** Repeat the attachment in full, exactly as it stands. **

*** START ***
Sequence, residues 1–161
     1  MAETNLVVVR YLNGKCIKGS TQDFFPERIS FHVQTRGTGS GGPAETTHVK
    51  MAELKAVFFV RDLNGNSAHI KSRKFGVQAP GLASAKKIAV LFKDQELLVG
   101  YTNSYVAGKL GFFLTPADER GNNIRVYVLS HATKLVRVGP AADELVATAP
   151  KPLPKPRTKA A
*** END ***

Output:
Sequence, residues 1–161
     1  MAETNLVVVR YLNGKCIKGS TQDFFPERIS FHVQTRGTGS GGPAETTHVK
    51  MAELKAVFFV RDLNGNSAHI KSRKFGVQAP GLASAKKIAV LFKDQELLVG
   101  YTNSYVAGKL GFFLTPADER GNNIRVYVLS HATKLVRVGP AADELVATAP
   151  KPLPKPRTKA A